11. The apparatus of claim 10 where said reaction product is at least one of TaN, TaC, TiN, CrN, Al2O3, W2C, Cr, Mo, Nb, Re, Ta, Ti, W.
12. The apparatus of claim 1 where said cathode is a solid rod.
13. The apparatus of claim 1 where said cathode is a hollow cylinder.
14. The apparatus of claim 13 where said hollow cylinder includes provision for a coolant.
15. The apparatus of claim 1 where said gas pressure is varied during a deposition cycle to provide a deposition thickness which varies along said axis extent.
16. A process for the deposition of an evaporated material from the outer surface of a cathode onto the inner surface of a cylindrical anode using a plasma, said process comprising the steps:
a first step of placing inside an enclosed chamber including a vacuum pump and a variable pressure gas source:
said cathode formed from a first conductive material and placed on an axis;
said cylindrical anode formed from a second conductive material, said cylindrical anode placed at a positive electrical potential with respect to said cathode, said cylindrical anode including at least one removable end cap for deposition of plasma macroparticles, said cylindrical anode having a constant inner diameter over an extent of said cylindrical anode which includes said removable end cap attached to one end of said cylindrical anode or to both ends of said cylindrical anode, said end caps fitting onto part of the constant inner diameter of said cylindrical anode and electrically connected to said cylindrical anode;
a magnetic field generator located external to said cylindrical anode, said magnetic field generator providing a temporally constant magnetic field oriented substantially parallel to said axis, said magnetic field being unidirectional over a radial extent from said cathode to said anode;
a voltage source delivering a voltage applied between said cylindrical anode and said cathode;
a second step of initiating a plasma arc from a first end of said cathode, said plasma arc forming a plasma having a plasma current, said plasma forming between said cathode outer surface and said cylindrical anode inner surface, said plasma interacting with said magnetic field to generate a substantially helical rotation of said plasma about said central axis and thereby depositing ions from said cathode onto the inner surface of said anode;
a third step of changing said gas pressure during a repetition of said second step;
a fourth step, after completion of said second step and said third step, of removing said at least one end cap having said macroparticles.
17. The process of claim 16 whereby said third step gas pressure is increased during said repetition of said second step from an initial value to a final value.
18. The process of claim 16 whereby said third step gas pressure is decreased during said repetition of said second step from an initial value to a final value.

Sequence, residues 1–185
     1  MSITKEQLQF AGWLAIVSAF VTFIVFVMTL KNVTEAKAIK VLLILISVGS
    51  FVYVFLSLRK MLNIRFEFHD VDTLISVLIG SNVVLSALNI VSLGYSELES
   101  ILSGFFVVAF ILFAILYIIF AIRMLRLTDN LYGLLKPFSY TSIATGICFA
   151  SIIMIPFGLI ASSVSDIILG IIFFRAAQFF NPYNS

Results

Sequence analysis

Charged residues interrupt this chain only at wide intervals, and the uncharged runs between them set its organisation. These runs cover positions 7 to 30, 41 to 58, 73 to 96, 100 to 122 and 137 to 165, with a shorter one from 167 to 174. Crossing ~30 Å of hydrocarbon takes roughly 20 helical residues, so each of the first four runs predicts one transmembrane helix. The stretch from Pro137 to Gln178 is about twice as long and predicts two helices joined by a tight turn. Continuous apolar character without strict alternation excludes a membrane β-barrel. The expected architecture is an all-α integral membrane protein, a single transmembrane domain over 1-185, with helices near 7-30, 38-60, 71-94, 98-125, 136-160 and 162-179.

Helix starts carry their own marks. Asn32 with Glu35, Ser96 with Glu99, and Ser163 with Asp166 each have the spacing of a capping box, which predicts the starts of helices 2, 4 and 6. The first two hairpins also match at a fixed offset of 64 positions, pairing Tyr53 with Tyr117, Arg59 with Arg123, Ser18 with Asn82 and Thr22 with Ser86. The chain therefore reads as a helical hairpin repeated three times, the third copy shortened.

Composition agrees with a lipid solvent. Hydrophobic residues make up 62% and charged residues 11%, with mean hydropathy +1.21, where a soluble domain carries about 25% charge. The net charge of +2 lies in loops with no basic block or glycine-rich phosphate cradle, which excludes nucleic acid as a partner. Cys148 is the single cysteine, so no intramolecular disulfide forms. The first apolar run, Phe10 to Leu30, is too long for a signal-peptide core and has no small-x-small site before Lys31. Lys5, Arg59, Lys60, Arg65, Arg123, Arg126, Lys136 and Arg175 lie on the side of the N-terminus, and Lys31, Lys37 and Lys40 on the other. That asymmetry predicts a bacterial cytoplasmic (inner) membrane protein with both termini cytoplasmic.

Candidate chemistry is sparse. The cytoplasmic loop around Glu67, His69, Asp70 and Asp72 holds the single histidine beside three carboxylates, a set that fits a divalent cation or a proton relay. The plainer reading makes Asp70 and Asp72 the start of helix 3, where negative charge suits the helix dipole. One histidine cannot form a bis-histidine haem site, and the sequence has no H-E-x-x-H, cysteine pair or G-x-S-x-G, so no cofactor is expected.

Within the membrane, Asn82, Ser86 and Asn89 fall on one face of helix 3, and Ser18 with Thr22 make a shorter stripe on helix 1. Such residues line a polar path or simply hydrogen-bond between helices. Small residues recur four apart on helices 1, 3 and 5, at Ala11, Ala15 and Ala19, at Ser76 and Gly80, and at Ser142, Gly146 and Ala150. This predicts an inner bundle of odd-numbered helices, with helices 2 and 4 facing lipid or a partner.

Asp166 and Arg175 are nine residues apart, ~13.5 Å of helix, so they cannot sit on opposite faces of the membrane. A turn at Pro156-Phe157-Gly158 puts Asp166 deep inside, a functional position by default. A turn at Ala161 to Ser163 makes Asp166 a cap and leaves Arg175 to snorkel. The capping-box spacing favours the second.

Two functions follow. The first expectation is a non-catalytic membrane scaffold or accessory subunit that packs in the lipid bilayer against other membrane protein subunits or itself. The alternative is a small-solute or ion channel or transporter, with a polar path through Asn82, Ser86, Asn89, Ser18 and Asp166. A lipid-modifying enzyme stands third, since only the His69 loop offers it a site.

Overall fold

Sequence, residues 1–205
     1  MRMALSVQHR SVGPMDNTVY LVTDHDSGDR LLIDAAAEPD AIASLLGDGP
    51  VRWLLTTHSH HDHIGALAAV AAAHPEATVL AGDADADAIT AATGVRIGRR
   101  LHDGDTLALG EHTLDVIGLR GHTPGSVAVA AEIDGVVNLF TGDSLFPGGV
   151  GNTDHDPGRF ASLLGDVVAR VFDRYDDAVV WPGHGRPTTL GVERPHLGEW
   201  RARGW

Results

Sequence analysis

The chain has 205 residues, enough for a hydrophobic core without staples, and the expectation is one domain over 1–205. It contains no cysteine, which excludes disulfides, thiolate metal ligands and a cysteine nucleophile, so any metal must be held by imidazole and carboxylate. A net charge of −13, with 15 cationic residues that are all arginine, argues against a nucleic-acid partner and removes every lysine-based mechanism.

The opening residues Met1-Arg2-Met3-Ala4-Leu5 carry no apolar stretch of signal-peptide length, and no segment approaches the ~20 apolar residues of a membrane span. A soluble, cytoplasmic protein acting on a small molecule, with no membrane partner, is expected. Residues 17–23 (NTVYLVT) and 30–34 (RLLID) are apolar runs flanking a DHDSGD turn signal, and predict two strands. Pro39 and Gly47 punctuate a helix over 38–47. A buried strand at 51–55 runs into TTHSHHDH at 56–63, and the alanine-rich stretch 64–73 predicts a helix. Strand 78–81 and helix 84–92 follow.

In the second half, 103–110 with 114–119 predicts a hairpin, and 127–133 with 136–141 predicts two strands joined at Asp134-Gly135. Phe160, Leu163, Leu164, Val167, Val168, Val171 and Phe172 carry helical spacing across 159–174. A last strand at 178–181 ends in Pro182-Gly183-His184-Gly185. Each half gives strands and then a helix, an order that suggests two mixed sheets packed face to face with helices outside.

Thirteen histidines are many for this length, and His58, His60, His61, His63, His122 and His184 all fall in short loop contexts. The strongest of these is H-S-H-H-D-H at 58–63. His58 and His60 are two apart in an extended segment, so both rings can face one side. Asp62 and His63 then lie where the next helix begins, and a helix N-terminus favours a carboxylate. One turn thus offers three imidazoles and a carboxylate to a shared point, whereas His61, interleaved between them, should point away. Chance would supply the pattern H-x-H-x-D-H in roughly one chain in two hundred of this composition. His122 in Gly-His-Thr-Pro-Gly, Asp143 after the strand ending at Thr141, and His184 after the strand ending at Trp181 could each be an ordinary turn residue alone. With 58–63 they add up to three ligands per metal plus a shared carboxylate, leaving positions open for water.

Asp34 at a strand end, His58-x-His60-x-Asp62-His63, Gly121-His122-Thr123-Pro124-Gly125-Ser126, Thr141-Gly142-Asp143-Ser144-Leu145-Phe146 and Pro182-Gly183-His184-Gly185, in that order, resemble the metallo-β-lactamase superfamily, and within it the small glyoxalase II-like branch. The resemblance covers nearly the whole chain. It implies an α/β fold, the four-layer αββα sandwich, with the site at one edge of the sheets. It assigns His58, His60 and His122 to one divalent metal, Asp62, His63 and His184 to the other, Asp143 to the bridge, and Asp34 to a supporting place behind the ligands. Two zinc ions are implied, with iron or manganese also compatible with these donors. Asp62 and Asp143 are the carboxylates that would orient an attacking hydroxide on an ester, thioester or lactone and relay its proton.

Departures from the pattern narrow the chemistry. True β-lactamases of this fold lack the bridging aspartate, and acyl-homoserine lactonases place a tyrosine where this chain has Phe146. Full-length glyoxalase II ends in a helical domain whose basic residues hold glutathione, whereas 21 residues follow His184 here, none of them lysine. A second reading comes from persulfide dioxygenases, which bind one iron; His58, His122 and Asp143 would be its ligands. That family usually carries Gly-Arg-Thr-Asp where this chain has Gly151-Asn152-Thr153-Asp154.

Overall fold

19. The process of claim 16 where said first step gas source contains at least one of nitrogen, oxygen or methane.
20. The process of claim 16 where said cathode includes at least one of the elements Chromium (Cr), Molybdenum (Mo), Niobium (Nb), Rhenium (Re), Tantalum (Ta), Titanium (Ti), or Tungsten (W).
21. The process of claim 16 further including the use of chromium as said cathode, thereby producing said cylindrical anode suitable for use as a gun barrel.
22. The process of claim 16 further including the use of Aluminum as said cathode and oxygen as said gas, thereby producing said cylindrical anode suitable for use as an olefin pipe.
Description
FIELD OF THE INVENTION

The invention pertains to the use of a rotating plasma for the deposition of ceramic and metal materials onto a conductive cylindrical surface. In particular, the composition of the deposition over the inner surface of a cylinder may be controlled such that the composition of the coating may be varied through the thickness of the coating.

BACKGROUND OF THE INVENTION

This invention relates generally to the coating of substrates using vacuum arc evaporation, and more particularly to an improved method and apparatus that employs a cylindrical metallic cathode and a magnetic field interacting with a plasma arc to cause the plasma arc to follow a helical trajectory on the surface of the cylindrical cathode.

Vacuum arc evaporation can be used for deposition of metal, alloy, and metal compound coatings. A cathode composed of the material to be deposited is vaporized by a high current, low voltage arc plasma discharge in a vacuum chamber, which has been evacuated to a pressure of typically 10−4 Torr or less. The substrates to be coated are placed in the vacuum chamber facing the evaporable surface of the cathode, at a distance of typically 10-50 cm. Typical arc currents range between 25 and 500 amperes, with voltages between 15 and 50 volts. The arc discharge occurs between an anode terminal and a cathode terminal in the partially evacuated chamber, resulting in a metal vapor plasma created by vaporization and ionization of the cathode material by the arc. The cathode, or negative electrode, is an electrically isolated structure which is at least partially consumed during the process. The anode, or positive electrode, comprises a cylinder disposed around the cathode. An arc is initiated on the evaporable surface of the cathode by means of mechanical contact, high voltage spark, or laser irradiation. The ensuing arc plasma discharge is highly localized in one or more mobile arc spots on the cathode surface, but is distributed over a large area at the anode. The extremely high current density in the arc spot, estimated to be 1010-1012 amperes/m2, results in local heating, evaporation, and ionization of the cathode material. Each arc spot emits a jet of metal vapor plasma in a direction approximately perpendicular to the cathode surface, forming a luminous plume extending into the region between the cathode and anode, where the substrates to be coated are disposed. The metal vapor condenses on the substrate surface, forming a dense coating. Reactive gases may be introduced into the vacuum chamber during the evaporation process, resulting in the formation of metal compound coatings on the substrate surface.